When you go to stores and stuff everybody is gonna tell you their stuff is legal because they want to get your money. Visitors do come out here that come up to the tables and be like ‘is this legal what you guys are doing?’ And if we tell them no, they won’t buy. Legalization is also a big factor in your income because there is people out here that want everything they’re doing to be legal. Even if it is drugs.
How long have you been selling weed in Washington Square Park?
I started this summer and I really like it.
Are you making good money from selling weed here?
Yeah, you do make good money. Some days you don’t make a dollar, at all, like you’ll sit here from eight in the morning till twelve at night and you won’t make a dollar. There’s a lot of competition, there’s a lot of weed dealers. Some people that are in the park are paying homage, some people do pay to be in this park.
Who do you have to pay to be allowed to sell in the park?
I really don’t know. But I do know there are people in the park that do pay to be in the park. I guess drug dealers are our way to the park. Like we do have people that have customers and clientele, so say you take somebody’s client it does get a little personal. Sometimes they do get a little personal in the park because people do really come out here to live, so people do come out here trying to make their living.
How much do you make on a good day?
On a good day, if you’re selling everything from edibles to pre-rolls to eighths, people come for mushrooms, you can make at least $1,200. On a slow day, $500. On a really bad day, like a bad day would be like $200. That’s not bad, but a bad day to me is $150 because you know I’m a girl, I just like to eat, as long as I make money to eat I don’t care.
I don’t look at this as a long term plan, I have bigger plans than this. I still go to school, I want to be a doctor and stuff. I have bigger plans than this but I do smoke weed and sometimes I do this. School is expensive. And I am good with saving too so this does help. I do a lot of things other than this but this helps a lot, it really does. It helps a lot of things in my life if I’m being honest, it does supply for a lot of things. I’m also a hairstylist, when I have to go out and get products to do people’s hair, where am I getting the money from? Sometimes it be from me selling my weed. I sell the weed, get the money, do their hair, make the money. It’s cool, especially if you’re an outgoing person like me, I like to meet people and I’m a really nice person. People like that, they come back to me. It’s fun.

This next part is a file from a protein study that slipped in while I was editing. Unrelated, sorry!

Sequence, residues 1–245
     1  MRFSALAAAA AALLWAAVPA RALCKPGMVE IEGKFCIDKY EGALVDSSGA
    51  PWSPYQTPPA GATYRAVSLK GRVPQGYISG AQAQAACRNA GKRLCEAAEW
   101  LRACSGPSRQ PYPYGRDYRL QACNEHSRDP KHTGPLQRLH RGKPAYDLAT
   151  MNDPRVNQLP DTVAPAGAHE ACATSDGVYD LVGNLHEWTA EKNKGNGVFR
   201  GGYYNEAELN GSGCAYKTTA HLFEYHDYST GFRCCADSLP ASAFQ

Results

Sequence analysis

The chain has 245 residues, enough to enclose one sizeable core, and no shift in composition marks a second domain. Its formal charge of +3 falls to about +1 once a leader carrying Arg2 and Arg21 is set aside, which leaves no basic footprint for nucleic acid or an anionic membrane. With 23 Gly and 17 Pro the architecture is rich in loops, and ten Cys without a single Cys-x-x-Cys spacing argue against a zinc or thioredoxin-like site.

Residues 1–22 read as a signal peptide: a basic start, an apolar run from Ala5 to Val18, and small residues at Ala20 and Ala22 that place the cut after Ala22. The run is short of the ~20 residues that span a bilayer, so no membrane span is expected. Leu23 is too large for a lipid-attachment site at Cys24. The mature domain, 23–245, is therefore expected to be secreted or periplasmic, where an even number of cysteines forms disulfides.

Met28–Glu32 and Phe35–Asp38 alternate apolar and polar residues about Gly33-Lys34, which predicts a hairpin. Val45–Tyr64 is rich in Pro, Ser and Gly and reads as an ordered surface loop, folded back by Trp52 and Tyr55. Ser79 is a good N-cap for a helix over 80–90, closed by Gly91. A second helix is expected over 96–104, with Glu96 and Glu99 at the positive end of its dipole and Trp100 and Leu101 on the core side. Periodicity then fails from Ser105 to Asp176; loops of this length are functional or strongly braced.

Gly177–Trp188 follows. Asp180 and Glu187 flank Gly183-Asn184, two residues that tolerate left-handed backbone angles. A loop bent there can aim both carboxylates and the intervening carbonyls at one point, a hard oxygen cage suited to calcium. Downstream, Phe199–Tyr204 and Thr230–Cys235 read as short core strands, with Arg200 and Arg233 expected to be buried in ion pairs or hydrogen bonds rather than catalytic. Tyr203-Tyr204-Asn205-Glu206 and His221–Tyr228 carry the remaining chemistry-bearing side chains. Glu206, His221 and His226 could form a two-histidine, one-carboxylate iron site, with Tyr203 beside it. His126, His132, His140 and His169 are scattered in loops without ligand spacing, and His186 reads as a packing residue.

Where do you source the products?
Um, so usually we get products from around the park, there’s people that come to the park with a lot of weed. We have legal things like pop-up shops and stuff that people actually have license to sell weed, just not in the store, and you’re able to buy pounds of weed from them. Or maybe there’s a website that you like that you want to order from. My favorite website is Sprinkles. Do you guys know Sprinkles? They sell weed. They have a big inventory on weed. You have to have a Cali address to order from them but we buy from them. Their weed is like higher grade weed, like $80 an eighth type of weed. That’s my favorite. So when we order sometimes, I have an auntie that lives in Cali, so when we do order we ship to her house and then she sends it to me. You send the money through CashApp and you get everything you want.
Do the products you order from California come through the post office?
Yes, it comes through the mail, I have a P.O. Box because my mother is pretty strict so I have to be careful with hiding it from her.
Have the products ever been confiscated by the post office when going from California to New York?
No, it pretty much always gets here. I know there’s two-way deliveries. I believe when my auntie ships it she sends two mails at a time so she’ll probably ship it to somewhere else before it comes to New York. You know what I’m saying? So she won’t ship it straight from Cali to New York especially if it’s a lot of weed, if it’s over a pound of weed or if it’s even over three QPs of weed she’s definitely gonna break down her shipping and when she breaks down the shipping sometimes she won’t even ship it until two or three months. Yeah, it’s not like we just get the weed out here. And I like smoking quality weed. When I sell to people that’s different than what I smoke. You get what I’m saying? So I’d rather smoke quality, so yes I’ll wait three months for my damn Sprinkles, yes the hell I will.
How do you make sure the products you sell are safe?